DOWNLOAD OUR INTERACTION FLOW KIT FOR SKETCH – it’s free, do show us some love!
The creation of interaction flows is a big part of our process as digital product designers. After many iterations we now have a mind-bendingly fast way to do all of this in Sketch.
This flow has evolved on the go, based on the needs and collaboration within the team and the products we are creating. We started out with Illustrator, which served us well. But we wanted to have all our designs, including flows, in a single file with one shared library. Limiting our files to minimum and working from the shared library improved collaboration and ensured a consistent output of the team. This is our solution ⬇️.
Introducing the ‘Interaction Flow Kit’ for Sketch
We’ve created a Sketch library to help creating flows inside Sketch easier and faster. Now you can have your screens, wireframes, interaction flows and sitemaps all in one Sketch file — safe in the knowledge that everything is in sync!
The Interaction Flow Kit includes two different files. The sketch library that includes structural elements like lines and devices. Plus the template, including pre-made device flows; constructed with the help of Anima Auto Layout, with predefined margins and an easy to use structure.
The kit is categorized into four sections: Elements, Devices, Lines and Helpers. All are created as a symbol, making them easily resizable and customizable.
You can find various devices, all made as resizable symbols; allowing you to adjust the devices to fit your needs. They’re also made symmetrically with fixed margins on all sides, allowing you to resize them and align your screen to the center. Under phone category we have already prepared for you some of the most popular sizes and types for a quicker start!
Within the Elements section, you can find different types of symbols, which you can use to indicate gestures and define logic.
Flow lines are separated into two categories: primary and secondary. They’re all made with Sketch symbols, making them easily resizable and allowing a lot of room for customization. You can choose preferred start and end symbol. For more complex lines, you can combine different types to form a desired line.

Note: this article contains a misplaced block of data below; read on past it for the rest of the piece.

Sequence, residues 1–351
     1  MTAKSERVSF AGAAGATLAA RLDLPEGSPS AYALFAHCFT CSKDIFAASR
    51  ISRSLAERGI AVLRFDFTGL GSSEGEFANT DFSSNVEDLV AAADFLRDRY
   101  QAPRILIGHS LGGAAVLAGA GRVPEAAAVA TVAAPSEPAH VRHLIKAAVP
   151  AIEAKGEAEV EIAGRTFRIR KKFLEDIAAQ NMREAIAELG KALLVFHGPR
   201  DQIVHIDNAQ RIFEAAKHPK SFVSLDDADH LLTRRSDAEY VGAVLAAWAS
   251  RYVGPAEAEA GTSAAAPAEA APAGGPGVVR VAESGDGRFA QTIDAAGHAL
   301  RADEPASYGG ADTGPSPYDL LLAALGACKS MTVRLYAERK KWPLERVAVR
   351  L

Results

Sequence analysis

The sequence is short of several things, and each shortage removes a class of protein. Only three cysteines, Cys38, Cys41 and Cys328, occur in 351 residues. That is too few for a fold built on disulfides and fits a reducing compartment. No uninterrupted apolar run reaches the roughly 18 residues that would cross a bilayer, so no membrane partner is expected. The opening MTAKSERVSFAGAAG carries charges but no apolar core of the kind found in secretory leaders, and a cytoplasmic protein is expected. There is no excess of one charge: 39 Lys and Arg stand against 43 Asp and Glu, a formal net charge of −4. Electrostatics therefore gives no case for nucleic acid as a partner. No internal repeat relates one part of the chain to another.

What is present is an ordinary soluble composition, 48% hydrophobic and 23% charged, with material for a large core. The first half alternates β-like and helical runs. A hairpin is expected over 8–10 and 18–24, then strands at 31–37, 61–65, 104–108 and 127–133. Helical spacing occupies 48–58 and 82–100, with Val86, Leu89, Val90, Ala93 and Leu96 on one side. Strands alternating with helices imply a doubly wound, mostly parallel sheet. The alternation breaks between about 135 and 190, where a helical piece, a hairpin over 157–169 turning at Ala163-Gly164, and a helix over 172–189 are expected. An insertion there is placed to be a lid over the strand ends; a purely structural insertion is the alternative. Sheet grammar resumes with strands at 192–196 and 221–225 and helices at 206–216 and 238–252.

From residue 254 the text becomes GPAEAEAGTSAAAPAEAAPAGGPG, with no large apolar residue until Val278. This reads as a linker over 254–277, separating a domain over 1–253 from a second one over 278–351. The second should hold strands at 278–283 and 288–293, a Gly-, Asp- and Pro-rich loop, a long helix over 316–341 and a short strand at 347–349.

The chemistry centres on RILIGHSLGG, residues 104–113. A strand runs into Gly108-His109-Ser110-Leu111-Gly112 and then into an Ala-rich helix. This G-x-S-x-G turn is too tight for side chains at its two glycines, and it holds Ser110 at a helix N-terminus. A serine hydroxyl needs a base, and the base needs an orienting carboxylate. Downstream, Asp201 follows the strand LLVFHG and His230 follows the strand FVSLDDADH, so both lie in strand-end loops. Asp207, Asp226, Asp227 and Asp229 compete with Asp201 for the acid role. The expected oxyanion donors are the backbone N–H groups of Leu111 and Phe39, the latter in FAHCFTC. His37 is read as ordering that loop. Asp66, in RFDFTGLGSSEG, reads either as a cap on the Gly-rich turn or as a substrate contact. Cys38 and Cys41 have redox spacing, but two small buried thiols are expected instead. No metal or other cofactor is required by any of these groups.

1. Install Plugins & Fonts
2. Open your working files
3. Add Interaction Flow Kit to your Sketch library
With Sketch libraries you can add the Interaction Flow Kit to your Sketch file without populating your symbols folder. This way you don’t need to have flows in different files anymore (Whoop!?) — also, this helps you to keep your flows up to date and in-line with your designs.
Navigate to Sketch > Preferences > Libraries > Click ‘Add Library’ button > Search for Sketch file (mobgen-interactionflow-kit-1.2.sketch) and add as Library.
4. Create a new page (‘Flow’ maybe?)
5. Open ‘Interaction Flow Templates’ Sketch file, then copy desired flow Artboard to working file
In the template file, you can find several ready-to-use flow templates, that are suitable for all devices. This also includes layouts, that are already structured to suit your needs. Elements and rows are created with Auto Layout so margins are already pre set.
Flow can be found inside folder “➡️Flow”
To add a device duplicate group “⚙️Element — Duplicate”
To add a new row duplicate group “⚙️Row — Duplicate”
➡️ = Skip group and see child
⚙️ = Editable group or layer / Duplicate
✏️ = Editable content
? = Locked layer
6. Start creating flows!
The idea of the Interaction Flow Kit is to have everything combined in one single Sketch file. This can be easily achieved with a bit of help from the Magic Mirror plugin. With Magic Mirror, you can easily update all screens with one simple click.
a. Select the Artboards you want included within the flow
b. In Magic Mirror sidebar check “Include in Artboards”
c. Go to your Flow page and select the screen you want to put your design on
d. Select the artboard you need in the Magic Mirror sidebar
e. To update screen, select one you want to update and click update icon in Magic Miror plugin
DOWNLOAD INTERACTION FLOW KIT (it’s free!, but please give a ??)
This article is written by Lan Belic.
To see the original publication, please click here.